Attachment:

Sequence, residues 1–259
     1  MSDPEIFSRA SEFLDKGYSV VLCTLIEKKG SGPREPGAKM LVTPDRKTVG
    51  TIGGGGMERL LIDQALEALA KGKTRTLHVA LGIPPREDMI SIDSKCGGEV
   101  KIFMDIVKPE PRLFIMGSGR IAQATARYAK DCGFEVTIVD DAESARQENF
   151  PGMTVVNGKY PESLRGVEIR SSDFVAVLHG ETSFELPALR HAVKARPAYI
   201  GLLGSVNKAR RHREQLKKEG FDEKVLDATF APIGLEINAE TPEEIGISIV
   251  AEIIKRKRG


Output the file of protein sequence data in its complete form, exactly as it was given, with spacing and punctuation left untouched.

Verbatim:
Sequence, residues 1–259
     1  MSDPEIFSRA SEFLDKGYSV VLCTLIEKKG SGPREPGAKM LVTPDRKTVG
    51  TIGGGGMERL LIDQALEALA KGKTRTLHVA LGIPPREDMI SIDSKCGGEV
   101  KIFMDIVKPE PRLFIMGSGR IAQATARYAK DCGFEVTIVD DAESARQENF
   151  PGMTVVNGKY PESLRGVEIR SSDFVAVLHG ETSFELPALR HAVKARPAYI
   201  GLLGSVNKAR RHREQLKKEG FDEKVLDATF APIGLEINAE TPEEIGISIV
   251  AEIIKRKRG